Magnolia Bible College to close
News of the 33-year-old institution’s demise has sent waves of sadness throughout its alumni community, said Mark Castleberry, chairman of the board.
“Magnolia Bible College means a great deal to those touched by it,” he said. “However, we have to be realistic in what the future holds. We could not continue.”
Castleberry, also chairman of the board of Freed-Hardeman University in Henderson, Tenn., said FHU and other institutions wanted Magnolia to remain open and worked “tirelessly” to help identify options.
In the end, however, cost-cutting measures and staff layoffs weren’t enough to keep expenses under income. Twenty students were enrolled at the beginning of the current term.
Local church members, including elders at the South Huntington church, whichhelped found the school, are looking to individuals with ties to Magnolia tohelp preserve its legacy.
“We believe this was a great work for the kingdom of Christ,” said JohnGardner, elder at the South Huntington church and Magnolia Bible College’sacting president. “Our alumni have and will continue to prove that thisinstitution served a great purpose for the Lord.”
The Southern Association of Colleges and Schools first accredited MagnoliaBible College in 1990 and reaffirmed the accreditation in 2005. Despite itslongstanding financial struggles, Magnolia officials maintain they graduated“highly educated ministers for the churches of Christ.”
Castleberry said most students are making plans to transfer to otherchurch-affiliated colleges or universities to complete their degrees. He saidsome of the 11 adjunct instructors still employed by Magnolia have receivedoffers to join faculties elsewhere.
Freed-Hardeman will permanently oversee transcripts and record requests forMagnolia students, he said.
However, Castleberry denied reports that Freed-Hardeman officials played a part in theclosing of the school, saying the opposite was true.
“It was FHU’s desire for MBC to remain open,” Castleberry said. “No officials from Freed-Hardeman played a role in the closing. They were informed when others were.”
FeedbackI’ve talked with many and I know the heartache that exists over MBC’s closing. Having worked for the school (just like Danny, Howard, and John) I can attest firsthand to the lack of communication and leadership (at the board level) that led to the eventual closing of this great place. As sad as I am, however, I can only see this as a good thing. That poor leadership can no longer hinder this place. So, the question remains, do we continue to complain about what happened and say “Oh, well”…or do WE take the pieces and start over?
God is the God of a new beginning. Let us pray for a new beginning for MBC…whatever that new beginning might be. She may never be a college again; but, her task may not be complete.Jon Mark Smith6th and Adams Church of ChristMcGregor, TX
USASeptember, 11 2009MBC gave me and my family so much. She will be missed. The closing didn’t have to be–shouldn’t have been. And to make matters even more sadder and hard to understand, the weekend before the closing was announced, the staff went on a retreat and were led to believe they would come through…Les Ferguson, Jr.Orange Grove Church of ChristGulfport, MS
USASeptember, 9 2009It was both shocking and sad to hear about the closing of MBC, a college that so many people have worked so tirelessly to keep afloat over the years. The thing that most people never knew about MBC was the quality of their academics. For many years MBC was the only college in the brotherhood to gain dual accreditation with both SACS and AABC, and was the smallest college accredited by the Southern Association of Colleges and Schools. In an era when the shortage of educated ministers becomes a more pressing reality each year, the loss of MBC will be greatly felt. This should prompt everyone in the brotherhood to redouble their efforts to support our Christian colleges and universities. First Cascade, now MBC: who’s next?Howard CoxRusk Church of ChristAlto, TX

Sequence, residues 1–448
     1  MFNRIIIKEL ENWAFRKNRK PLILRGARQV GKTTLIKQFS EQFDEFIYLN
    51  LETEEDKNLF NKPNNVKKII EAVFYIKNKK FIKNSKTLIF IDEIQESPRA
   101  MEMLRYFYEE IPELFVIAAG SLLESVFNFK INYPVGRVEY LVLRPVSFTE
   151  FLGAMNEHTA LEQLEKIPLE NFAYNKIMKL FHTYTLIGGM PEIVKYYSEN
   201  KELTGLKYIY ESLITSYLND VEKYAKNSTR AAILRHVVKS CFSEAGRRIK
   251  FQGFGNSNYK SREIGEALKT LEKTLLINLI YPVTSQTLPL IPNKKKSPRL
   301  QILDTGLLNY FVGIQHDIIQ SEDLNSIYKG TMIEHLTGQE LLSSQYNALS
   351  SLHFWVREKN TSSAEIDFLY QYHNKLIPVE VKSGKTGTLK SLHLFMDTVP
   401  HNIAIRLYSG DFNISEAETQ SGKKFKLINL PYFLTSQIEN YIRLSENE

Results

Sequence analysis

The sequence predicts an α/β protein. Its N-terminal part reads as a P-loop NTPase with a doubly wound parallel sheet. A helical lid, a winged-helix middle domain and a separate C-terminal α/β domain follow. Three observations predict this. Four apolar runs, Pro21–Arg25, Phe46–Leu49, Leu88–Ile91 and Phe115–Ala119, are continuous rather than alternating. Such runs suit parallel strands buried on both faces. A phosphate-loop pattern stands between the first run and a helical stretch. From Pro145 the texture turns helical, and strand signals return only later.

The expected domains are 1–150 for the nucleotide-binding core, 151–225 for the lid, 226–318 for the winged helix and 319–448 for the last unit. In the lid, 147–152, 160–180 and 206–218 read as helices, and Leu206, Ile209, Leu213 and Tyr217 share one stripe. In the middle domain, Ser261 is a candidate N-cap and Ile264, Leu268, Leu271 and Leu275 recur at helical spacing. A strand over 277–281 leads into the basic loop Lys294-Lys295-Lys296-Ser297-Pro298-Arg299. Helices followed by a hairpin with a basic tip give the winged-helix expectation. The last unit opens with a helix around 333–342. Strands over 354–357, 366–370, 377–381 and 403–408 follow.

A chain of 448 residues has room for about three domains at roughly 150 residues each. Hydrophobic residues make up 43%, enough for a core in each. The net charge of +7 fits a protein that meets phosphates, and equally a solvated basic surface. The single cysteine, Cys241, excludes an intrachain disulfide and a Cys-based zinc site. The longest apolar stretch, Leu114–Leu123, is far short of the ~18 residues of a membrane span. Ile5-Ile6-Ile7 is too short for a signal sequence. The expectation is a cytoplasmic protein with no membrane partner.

USASeptember, 9 2009It is amazing to those of us who have been in the MBC family since the beginning to accept that everything was done to save the college- especially when we were all caught completely off-guard by the closing.Danny DoddGatewayPensacola, FL
USASeptember, 8 2009Worked “tirelessly” is an interesting statement given that the churches of Mississippi who have for 3 decades funded the school were uninformed of the crisis. Alumni were not informed. The Magnolia Messenger (indirectly associated with MBC) is edited by a board member and there was no appeal there. The students were not informed. The former president landed a job at FHU just before the school closed, but the staff and faculty remained uninformed. How did anyone work “tirelessly” to save MBC? As a 1985 graduate of the college, it is an incredibly sad moment … an unnecessary execution has taken place. The giant conflict of interest of having one person serve as Chairman of the Board of two competing institutions is irresponsible.John DobbsForsythe Avenue Church of ChristMonroe, LA
USASeptember, 8 2009I have long said members of the Church of Christ are the worst enemies Christian Education has. Christians, MUST provide, students, faculty, money. For a school that produces trained men willing to “go into all the world” to fail due to ‘funding woes’ is shame on Christians who knew of the difficulties. Churches of Christ need to wakeup. The world is going to Hell and the church is not doing much to stop it.John JenkinsGreat Smoky Mountains Church of Christ, Pigeon Forge, TNGatlinburg, TN
USASeptember, 8 2009Although I did not attend Magnolia Bible College, I admired the school from a distance. I’m thankful for what MBC has meant, and for what it will continue to mean to the kingdom of our Lord.Frank BellizziSan Jacinto Church of ChristAmarillo, TX
USASeptember, 4 2009